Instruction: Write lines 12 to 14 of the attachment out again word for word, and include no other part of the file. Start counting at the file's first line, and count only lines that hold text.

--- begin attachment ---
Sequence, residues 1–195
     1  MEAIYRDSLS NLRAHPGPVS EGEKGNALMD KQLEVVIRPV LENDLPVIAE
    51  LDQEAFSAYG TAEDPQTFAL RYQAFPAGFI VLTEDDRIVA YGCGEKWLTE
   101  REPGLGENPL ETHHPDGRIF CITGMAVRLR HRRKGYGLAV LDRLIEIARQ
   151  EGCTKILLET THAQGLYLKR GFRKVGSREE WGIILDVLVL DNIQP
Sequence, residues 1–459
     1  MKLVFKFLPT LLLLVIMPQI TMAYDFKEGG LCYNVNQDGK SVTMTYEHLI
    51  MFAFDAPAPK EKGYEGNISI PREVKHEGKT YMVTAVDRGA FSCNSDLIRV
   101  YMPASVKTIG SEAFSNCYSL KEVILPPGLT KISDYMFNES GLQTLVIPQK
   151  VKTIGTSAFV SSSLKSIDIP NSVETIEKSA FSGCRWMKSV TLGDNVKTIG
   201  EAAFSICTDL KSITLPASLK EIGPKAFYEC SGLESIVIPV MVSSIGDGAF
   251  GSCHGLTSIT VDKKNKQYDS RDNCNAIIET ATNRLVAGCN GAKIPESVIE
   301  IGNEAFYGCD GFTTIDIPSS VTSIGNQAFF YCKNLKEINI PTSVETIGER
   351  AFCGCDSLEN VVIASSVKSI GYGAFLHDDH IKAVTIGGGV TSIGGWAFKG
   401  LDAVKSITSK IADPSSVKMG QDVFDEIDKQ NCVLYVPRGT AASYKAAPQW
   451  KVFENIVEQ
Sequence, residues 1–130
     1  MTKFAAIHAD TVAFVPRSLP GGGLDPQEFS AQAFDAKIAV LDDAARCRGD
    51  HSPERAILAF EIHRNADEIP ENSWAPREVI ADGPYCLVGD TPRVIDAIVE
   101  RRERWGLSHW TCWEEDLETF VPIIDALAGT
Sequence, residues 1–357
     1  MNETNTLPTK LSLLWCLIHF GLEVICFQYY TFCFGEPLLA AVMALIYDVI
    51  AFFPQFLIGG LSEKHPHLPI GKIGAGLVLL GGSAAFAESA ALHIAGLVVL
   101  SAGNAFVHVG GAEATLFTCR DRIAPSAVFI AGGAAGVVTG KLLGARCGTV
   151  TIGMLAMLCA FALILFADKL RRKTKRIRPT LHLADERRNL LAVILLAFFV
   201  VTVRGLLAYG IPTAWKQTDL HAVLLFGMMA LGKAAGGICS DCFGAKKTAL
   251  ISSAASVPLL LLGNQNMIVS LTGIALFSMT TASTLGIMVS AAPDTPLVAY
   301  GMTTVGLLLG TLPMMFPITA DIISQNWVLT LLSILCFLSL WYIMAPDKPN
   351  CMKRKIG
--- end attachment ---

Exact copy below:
   251  GSCHGLTSIT VDKKNKQYDS RDNCNAIIET ATNRLVAGCN GAKIPESVIE
   301  IGNEAFYGCD GFTTIDIPSS VTSIGNQAFF YCKNLKEINI PTSVETIGER
   351  AFCGCDSLEN VVIASSVKSI GYGAFLHDDH IKAVTIGGGV TSIGGWAFKG